Being a woman in math and academia

A few months ago one of the strongest research universities in Australia advertised a continuing (like tenure-track) position in mathematics for female applicants only. Shortly thereafter, two other first-tier universities followed suit. I wasn’t privy to the politics behind the decisions, but I heard gossip that at my university there wasn’t much of an opposition. It seemed people treated it as an experiment: posting a job ad doesn’t mean that you are committed to hire someone. As for legal issues, in Australia you can positively discriminate an under-represented group with the goal of balancing the scales.

On social media I have seen people express opinions that either no self-respecting woman would apply for such a position, or that if they do, everyone at their new institution would hate them because of how they got their job. That is not what happened: the interviewees whose job talks I heard were all fantastic, and everyone on the faculty that I have talked to felt that the experiment was a great success. The applicant pool was so strong that many people thought there should be more than one hire. It seemed that women saw the posting as a good opportunity, not as an insult. Many of them had two-body problems, to which the position presented a possible solution. Some were originally from Australia and looking to move back. Had I not signed a continuing offer only a few months before, I might very well have applied as well.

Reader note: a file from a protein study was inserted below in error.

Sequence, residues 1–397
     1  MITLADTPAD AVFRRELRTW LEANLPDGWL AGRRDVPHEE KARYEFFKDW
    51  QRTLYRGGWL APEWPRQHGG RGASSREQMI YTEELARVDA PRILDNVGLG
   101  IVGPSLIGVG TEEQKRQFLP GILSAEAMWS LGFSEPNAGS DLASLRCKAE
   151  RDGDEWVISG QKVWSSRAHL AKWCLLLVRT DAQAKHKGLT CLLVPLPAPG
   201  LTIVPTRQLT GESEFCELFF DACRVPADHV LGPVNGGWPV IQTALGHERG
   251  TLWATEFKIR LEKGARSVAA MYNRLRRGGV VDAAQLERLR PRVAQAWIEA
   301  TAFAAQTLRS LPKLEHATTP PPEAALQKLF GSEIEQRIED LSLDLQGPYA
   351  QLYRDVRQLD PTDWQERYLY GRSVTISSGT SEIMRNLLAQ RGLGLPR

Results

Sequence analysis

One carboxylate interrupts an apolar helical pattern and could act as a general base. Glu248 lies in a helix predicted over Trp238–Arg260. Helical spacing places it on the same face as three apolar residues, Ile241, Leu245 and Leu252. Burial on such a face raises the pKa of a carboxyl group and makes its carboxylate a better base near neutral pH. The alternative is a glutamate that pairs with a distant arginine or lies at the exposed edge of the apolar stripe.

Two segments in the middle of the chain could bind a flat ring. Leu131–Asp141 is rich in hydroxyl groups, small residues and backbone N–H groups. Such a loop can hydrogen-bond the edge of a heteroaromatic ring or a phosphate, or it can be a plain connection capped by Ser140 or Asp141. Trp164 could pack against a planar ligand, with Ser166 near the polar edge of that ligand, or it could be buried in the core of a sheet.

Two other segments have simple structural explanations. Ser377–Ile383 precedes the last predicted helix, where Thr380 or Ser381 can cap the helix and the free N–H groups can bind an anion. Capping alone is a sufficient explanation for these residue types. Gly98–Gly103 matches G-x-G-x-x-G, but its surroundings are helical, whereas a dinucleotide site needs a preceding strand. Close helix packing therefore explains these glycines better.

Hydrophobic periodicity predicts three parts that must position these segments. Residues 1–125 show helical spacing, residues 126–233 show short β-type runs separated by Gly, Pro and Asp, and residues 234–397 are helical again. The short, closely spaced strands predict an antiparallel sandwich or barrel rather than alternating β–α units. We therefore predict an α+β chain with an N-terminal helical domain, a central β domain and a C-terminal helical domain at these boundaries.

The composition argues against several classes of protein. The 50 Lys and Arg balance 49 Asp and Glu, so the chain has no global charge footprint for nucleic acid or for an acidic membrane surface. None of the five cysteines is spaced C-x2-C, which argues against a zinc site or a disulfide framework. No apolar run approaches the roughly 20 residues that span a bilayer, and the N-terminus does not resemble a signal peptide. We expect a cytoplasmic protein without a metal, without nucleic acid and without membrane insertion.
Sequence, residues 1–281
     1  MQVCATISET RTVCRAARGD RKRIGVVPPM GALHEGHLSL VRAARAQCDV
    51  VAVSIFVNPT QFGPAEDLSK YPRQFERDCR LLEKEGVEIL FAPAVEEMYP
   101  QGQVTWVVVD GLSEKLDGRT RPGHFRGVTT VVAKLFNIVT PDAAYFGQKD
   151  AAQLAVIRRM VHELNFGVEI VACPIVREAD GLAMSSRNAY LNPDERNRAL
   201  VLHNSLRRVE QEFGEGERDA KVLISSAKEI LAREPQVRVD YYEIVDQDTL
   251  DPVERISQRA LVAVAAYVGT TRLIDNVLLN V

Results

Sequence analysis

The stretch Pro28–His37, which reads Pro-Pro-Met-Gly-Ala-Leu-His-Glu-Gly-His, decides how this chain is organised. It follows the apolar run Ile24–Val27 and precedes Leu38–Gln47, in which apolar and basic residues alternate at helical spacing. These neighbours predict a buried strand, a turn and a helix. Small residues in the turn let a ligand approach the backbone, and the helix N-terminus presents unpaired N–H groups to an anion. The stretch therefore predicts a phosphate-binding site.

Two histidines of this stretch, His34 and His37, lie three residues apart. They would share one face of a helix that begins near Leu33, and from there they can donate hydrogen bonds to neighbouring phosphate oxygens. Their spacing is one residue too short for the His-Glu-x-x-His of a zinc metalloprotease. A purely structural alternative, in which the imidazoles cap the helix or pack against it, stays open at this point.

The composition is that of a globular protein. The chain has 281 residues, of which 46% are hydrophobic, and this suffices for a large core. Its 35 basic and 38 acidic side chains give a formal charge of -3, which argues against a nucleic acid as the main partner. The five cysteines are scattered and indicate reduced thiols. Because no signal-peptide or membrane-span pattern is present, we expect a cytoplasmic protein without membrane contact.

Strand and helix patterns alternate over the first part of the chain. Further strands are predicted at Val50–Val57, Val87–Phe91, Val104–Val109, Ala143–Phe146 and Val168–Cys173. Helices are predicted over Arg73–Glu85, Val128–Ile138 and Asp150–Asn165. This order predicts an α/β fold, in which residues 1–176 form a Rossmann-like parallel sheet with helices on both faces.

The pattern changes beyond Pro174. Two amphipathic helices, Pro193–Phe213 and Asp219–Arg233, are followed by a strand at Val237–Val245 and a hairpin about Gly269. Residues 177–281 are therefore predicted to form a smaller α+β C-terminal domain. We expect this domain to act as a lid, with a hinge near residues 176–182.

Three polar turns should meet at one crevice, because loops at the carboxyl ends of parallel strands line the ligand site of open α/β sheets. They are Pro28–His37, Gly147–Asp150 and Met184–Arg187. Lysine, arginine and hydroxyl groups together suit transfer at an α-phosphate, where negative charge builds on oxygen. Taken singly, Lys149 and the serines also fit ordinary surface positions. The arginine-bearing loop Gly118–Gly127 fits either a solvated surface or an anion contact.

This was one in a long sequence of professional, political and personal events which made me think more about being a woman. As a result I’ve been writing two blog posts: one about being female in general, and one about working in a male-dominated field of science. You are currently reading the latter.